On a somewhat regular basis, site owners report in the Google Webmaster Help Forums about using the Remove URL tool for website cleanup, only to inadvertently remove the entire site (or most of it) from the Google search results. Yes, Google does take those Remove URL requests pretty seriously, and removes those URLs (or the site!) very quickly.
There’s also been times that a well known site has suddenly vanished from the search results, only to return within a day or two. While often SEOs looking into it speculate that it was a manual action that was lifted with an extremely fast turnaround, the misuse of the remove URL tool could also explain some of these cases.
Yet another webmaster posted in the Google help forum about accidentally removing most of their site using the remove URL tool, and John Mueller made a couple noteworthy comments.
First, once a remove URL request has been removed from Google Search Console, via the “Reinclude” link next to each removal, and the status changes to cancelled, it only takes about a day for a site to recover.
The other comment was regarding site variations. Mueller said that a site removal request in one of the domain variations would apply to ALL domain variants. So a site removal request for the http://example.com would also apply to http://www.example.com as well as for the https variations as well.
It looks like you still have a site removal request open for the http version of the site. This would apply to all variations (http/https/www/non-www) as well. Once that’s canceled, things should settle back down within a day or so.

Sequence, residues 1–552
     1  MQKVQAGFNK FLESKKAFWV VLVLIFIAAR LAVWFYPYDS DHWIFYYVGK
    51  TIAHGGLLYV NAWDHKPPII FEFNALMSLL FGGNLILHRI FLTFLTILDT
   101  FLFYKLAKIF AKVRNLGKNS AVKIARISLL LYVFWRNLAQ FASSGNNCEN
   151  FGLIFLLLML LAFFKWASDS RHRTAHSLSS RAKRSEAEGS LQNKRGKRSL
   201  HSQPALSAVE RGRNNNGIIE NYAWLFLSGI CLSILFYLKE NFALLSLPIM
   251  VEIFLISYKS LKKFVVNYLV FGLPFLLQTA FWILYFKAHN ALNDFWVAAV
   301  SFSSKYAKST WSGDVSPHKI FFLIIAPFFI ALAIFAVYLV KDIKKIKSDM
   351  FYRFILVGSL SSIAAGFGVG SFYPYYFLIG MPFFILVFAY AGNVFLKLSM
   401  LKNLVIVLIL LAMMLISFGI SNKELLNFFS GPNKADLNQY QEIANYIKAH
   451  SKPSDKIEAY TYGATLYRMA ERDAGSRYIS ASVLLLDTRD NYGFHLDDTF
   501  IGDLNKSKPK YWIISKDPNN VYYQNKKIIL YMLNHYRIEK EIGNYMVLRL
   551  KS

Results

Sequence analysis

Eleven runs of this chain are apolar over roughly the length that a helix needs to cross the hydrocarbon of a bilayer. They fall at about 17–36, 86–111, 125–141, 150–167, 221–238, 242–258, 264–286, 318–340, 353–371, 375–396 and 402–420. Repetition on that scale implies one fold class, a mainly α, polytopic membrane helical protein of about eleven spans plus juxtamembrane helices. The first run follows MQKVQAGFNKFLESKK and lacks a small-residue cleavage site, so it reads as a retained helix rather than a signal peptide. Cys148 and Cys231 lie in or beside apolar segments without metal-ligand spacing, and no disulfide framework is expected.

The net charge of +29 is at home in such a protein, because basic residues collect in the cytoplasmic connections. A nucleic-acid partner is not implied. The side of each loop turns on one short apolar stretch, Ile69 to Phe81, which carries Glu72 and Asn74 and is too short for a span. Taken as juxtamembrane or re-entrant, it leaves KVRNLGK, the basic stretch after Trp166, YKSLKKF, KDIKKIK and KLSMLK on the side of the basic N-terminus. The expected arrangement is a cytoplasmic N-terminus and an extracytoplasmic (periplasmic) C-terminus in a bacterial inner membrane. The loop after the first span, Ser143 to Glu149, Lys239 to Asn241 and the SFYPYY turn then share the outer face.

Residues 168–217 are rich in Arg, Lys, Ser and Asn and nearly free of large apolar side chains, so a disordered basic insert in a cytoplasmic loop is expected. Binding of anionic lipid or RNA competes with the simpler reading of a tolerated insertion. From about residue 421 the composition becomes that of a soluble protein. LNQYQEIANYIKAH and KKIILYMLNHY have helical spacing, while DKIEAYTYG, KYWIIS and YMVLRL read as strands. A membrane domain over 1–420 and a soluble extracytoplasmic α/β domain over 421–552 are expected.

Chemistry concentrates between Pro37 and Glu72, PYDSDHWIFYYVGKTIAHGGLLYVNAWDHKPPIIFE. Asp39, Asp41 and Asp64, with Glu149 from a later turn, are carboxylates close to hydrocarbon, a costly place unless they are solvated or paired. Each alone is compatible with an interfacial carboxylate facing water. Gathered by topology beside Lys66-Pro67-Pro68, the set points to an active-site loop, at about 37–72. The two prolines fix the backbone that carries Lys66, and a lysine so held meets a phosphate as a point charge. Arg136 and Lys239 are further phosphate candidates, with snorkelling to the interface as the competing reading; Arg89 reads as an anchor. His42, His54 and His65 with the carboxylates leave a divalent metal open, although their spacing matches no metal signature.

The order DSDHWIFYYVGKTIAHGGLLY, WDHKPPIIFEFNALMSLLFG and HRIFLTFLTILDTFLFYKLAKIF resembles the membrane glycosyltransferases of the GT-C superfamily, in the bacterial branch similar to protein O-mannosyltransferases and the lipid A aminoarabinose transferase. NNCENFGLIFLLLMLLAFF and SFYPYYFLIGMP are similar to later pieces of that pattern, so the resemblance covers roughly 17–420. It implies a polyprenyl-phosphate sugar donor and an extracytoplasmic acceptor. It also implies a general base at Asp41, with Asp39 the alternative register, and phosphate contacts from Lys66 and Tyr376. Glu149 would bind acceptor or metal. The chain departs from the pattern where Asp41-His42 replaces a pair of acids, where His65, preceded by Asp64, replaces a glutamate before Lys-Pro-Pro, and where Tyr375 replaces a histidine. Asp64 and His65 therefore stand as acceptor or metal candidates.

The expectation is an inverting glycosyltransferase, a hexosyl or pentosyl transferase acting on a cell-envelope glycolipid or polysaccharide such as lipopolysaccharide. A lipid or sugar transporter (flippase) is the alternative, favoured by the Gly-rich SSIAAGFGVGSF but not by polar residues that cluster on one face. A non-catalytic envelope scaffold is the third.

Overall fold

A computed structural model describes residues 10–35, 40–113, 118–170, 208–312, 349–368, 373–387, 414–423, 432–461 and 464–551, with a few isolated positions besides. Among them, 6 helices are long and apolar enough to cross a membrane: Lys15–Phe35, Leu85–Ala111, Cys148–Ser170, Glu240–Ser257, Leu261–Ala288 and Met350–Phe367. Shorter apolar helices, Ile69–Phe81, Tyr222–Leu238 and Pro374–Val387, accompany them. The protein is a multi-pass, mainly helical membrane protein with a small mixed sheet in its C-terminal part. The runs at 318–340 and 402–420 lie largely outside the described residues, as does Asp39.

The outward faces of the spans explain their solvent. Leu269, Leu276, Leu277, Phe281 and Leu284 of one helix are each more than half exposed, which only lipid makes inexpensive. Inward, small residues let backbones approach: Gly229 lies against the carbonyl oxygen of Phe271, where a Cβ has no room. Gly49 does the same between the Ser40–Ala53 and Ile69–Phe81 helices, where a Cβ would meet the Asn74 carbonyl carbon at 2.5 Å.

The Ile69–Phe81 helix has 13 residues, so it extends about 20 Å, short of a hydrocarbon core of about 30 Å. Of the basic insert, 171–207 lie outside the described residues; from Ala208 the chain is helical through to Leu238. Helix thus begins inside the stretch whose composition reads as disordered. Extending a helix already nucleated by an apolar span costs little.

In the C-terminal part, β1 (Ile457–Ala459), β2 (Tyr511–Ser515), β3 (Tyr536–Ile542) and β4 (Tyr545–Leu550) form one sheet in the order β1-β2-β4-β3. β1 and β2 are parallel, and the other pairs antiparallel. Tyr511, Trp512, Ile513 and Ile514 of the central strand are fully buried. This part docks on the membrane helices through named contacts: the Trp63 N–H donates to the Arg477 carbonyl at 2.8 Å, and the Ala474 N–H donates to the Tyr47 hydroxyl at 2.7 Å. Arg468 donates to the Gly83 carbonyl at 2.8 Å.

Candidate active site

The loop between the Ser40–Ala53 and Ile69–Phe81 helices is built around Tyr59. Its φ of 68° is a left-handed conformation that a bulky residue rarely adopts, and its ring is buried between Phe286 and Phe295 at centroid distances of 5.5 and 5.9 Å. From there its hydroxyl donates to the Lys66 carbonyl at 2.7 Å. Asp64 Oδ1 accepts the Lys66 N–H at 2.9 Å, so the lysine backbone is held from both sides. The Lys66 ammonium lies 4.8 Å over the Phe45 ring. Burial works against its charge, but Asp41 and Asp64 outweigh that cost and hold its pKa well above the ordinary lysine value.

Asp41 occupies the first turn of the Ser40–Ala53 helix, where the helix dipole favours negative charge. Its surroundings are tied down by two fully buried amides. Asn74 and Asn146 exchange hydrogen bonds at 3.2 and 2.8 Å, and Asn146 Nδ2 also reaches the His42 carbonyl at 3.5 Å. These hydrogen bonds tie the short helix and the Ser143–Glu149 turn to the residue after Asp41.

His comment also stresses that site owners shouldn’t use it to remove their non-preferred domain version in the search results if it is indexed, something many site owners have attempted to do. Redirecting non-preferred URLs to the preferred one, as well as setting the preferred domain option in Google Search Console would be the best way to handle this situation.
This tool should definitely be used with an abundance of caution, and it shouldn’t be used just for typical URL changes or page removals that are now 404s. All to often, site owners don’t realize how much hurt they can inflict on a site when they use the remove URL tool. Site owners have done things like removed the http://www.example.com/ URL because they didn’t like their homepage appearing in the search results with the trailing slash, with dire consequences.
Google has a whole section on misuse of the tool in their help section.
Because these cases do come up with regularity, it would be nice if Google placed a warning on the remove URL tool page for webmasters who aren’t familiar with the tool, or at least a link to the misuse section so webmasters are better educated about when they should or shouldn’t use the remove URL tool. For some reason, Google Search Console doesn’t have a link to the documentation for the tool from the remove URL tool page, only to the documentation about blocking Googlebot from content.
Ideally, adding a “WARNING: You might accidentally remove your entire site from the Google index with this tool. Click here to learn how to use the Remove URL tool and when you should and should not use it to remove a page from the search results.” Right now, there is no warning about the mayhem a site owner can inadvertently cause to their site.
So when should the remove URL tool be used? It should only be used in cases where it is extremely critical that the information be removed immediately, such as a database file with credit card numbers in plain text accidentally ended up in a file on the site that Google discovered and indexed, or delicate personal information that should not be found in the search results.
Latest posts by Jennifer Slegg (see all)
- Rethinking Affiliate Sites With Google’s Product Review Update - April 23, 2021
- New Google Quality Rater Guidelines, Update Adds Emphasis on Needs Met - October 16, 2020
- Google Updates Experiment Statistics for Quality Raters - October 6, 2020
- Analyzing “How Google Search Works” Changes from Google - July 8, 2020
- Google Quality Rater Guidelines Update: New Introduction, Rater Bias & Political Affiliations - December 6, 2019